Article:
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July 19, 2013

Bilingual Classrooms Turn English-Only in Effort to Improve Test scores

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Faculty at DiLoreto School in New Britain, Conn., are facing push-back from their community after deciding to switch from a dual-language school to English-only classrooms.

The kindergarten to eighth grade school specialized in a dual language approach to teaching in which students were taught in English one week and Spanish the next. The goal was that all students would graduate fully bilingual. However, recent test scores showed that the school was struggling. Seventy percent of all students and 85 percent of those learning to speak English were failing Connecticut’s reading test.

To help boost test scores, Superintendent Kelt Cooper decided to transition to English-only instruction. Teaching students should help English language learners understand syntax rules and the way sentences form so that they can write correctly. With improved writing comes improved reading.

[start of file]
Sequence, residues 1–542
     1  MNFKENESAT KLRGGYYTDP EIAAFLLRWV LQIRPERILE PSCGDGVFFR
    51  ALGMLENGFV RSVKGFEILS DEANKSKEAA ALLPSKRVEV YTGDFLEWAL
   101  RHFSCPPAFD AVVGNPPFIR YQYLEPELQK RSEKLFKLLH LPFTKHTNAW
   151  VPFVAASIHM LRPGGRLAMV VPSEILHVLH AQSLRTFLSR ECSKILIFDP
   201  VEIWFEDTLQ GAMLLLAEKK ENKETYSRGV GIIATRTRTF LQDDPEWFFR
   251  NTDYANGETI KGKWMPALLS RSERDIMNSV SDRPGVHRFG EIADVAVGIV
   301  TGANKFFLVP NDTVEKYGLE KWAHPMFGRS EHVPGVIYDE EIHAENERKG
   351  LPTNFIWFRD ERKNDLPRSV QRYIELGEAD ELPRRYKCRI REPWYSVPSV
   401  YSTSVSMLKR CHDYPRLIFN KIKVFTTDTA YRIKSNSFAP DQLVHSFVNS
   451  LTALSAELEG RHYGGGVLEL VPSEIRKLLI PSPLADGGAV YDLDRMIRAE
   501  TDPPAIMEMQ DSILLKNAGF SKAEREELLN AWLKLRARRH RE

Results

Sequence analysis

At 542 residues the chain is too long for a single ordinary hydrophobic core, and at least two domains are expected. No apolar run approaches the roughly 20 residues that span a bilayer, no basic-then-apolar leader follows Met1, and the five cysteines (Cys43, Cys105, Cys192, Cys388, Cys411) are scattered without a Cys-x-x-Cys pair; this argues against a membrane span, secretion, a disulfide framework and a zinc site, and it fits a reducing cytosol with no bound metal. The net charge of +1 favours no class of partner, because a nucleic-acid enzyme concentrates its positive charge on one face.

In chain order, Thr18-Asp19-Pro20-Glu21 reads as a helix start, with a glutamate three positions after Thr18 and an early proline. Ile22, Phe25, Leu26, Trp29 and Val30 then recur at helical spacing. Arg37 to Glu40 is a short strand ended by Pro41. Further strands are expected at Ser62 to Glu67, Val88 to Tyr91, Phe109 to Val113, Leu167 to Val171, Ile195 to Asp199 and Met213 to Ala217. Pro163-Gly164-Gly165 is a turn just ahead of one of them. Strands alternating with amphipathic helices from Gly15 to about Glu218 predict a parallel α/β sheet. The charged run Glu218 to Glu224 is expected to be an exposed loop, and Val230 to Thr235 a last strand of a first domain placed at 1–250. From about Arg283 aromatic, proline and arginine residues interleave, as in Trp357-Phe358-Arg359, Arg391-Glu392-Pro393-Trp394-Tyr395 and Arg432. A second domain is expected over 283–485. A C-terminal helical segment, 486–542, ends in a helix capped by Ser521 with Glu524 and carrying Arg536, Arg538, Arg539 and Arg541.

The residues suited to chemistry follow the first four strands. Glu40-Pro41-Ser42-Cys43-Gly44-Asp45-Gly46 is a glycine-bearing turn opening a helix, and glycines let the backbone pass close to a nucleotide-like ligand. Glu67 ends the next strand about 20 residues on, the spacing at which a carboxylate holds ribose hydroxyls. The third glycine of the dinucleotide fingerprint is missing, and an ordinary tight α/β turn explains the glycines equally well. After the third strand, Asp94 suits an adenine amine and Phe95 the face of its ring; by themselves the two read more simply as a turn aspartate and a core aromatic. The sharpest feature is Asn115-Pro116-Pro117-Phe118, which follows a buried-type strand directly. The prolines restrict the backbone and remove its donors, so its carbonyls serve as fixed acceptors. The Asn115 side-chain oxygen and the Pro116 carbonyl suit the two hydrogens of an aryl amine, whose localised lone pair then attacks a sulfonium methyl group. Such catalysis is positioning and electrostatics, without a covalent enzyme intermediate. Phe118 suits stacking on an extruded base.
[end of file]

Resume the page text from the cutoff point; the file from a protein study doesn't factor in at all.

Those who oppose the switch are concerned that the school is sending the message that it does not value a student’s first language and culture. Research strongly suggests that students learn better in their native language. Despite the concern of many community members, the school continues to only teach in English. The school will soon get an early look at whether its recent switch is making a difference.

Results from the latest state test will be released this July.


Quote

“The proof is in the pudding. It’s very clear that the ones that have gone through these programs have a better articulation of the English language, better understanding of the English language, understand the grammar rules and are much more proficient in English than their native English counterparts in the mainstream.” – Kelt Cooper, New Britain Public Schools.

Warm-up questions

1. What does it mean to be “bilingual”?

2. How do you define success in education?

Discussion Questions

1. What are some challenges foreign-language speakers may face when attempting to learn a new language?

2. What is the importance of having a dual-language school in an urban area?

3. How do you think this change may affect retention rates for schools?


- Compiled by Carrie Waltemeyer for NewsHour Extra

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